The above rulings should concern anyone who believes our leaders must remain empowered to take action to stem America’s gun violence crisis. But President Trump’s selection of a judge with outlier views is no coincidence: it reflects the clout of the NRA and its influence over the Administration’s policies and judicial nomination strategies. In early 2017, the NRA spent $1 million to support the nomination of Neil Gorsuch—and once Justice Gorsuch joined the Court, he joined a dissenting opinion arguing that California’s strong concealed carry laws violate the Second Amendment. President Trump’s nomination of Judge Kavanaugh seems a clear demonstration that the President is still letting the gun lobby dictate his policies, contradicting his own call for meaningful action after the massacre in Parkland.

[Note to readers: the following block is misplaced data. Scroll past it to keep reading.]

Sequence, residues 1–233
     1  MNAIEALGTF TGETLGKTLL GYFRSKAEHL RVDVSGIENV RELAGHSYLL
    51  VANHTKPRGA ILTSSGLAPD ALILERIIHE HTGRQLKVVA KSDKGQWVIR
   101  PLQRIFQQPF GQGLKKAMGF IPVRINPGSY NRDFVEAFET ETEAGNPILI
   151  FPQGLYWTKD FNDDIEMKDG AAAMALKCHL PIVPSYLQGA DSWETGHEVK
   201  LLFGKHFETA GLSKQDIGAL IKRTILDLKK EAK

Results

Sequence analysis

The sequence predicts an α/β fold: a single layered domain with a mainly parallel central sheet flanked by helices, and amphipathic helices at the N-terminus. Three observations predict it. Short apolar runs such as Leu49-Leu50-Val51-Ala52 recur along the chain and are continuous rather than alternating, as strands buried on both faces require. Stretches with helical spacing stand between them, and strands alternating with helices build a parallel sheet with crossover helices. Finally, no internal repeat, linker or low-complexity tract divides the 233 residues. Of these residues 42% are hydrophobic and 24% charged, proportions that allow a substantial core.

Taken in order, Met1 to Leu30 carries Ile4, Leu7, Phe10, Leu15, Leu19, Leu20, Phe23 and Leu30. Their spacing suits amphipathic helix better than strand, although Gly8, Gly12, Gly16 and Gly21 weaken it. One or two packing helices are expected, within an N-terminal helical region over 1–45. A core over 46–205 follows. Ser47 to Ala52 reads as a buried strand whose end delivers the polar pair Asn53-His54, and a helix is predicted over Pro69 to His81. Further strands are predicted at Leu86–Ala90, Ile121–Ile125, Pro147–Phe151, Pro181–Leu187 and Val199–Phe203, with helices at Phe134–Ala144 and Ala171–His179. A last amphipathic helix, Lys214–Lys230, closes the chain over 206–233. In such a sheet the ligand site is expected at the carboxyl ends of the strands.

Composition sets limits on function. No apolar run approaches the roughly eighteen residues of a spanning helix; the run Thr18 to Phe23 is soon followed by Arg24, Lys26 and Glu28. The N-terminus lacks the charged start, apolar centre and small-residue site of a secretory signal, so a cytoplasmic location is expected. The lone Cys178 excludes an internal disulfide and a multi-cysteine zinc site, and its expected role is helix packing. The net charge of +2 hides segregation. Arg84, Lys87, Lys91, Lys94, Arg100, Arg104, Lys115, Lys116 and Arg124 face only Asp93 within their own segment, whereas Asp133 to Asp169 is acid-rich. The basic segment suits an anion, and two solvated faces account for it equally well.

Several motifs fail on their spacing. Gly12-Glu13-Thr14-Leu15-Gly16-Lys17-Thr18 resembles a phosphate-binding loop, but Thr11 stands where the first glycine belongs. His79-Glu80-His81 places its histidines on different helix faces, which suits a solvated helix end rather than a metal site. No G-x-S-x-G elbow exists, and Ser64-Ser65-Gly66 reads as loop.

Impact on Critical Firearm Policy Issues

While applying Heller’s holding that individuals have a constitutional right to use a handgun for self-defense in the home, lower courts have generally exercised caution when confronting issues not yet addressed by the Supreme Court. This means some substantive Second Amendment questions lack definitive answers. If confirmed to the Supreme Court, Judge Kavanaugh could play a key role in shaping the Court’s rulings on these and other areas of gun policy.

Concealed Carry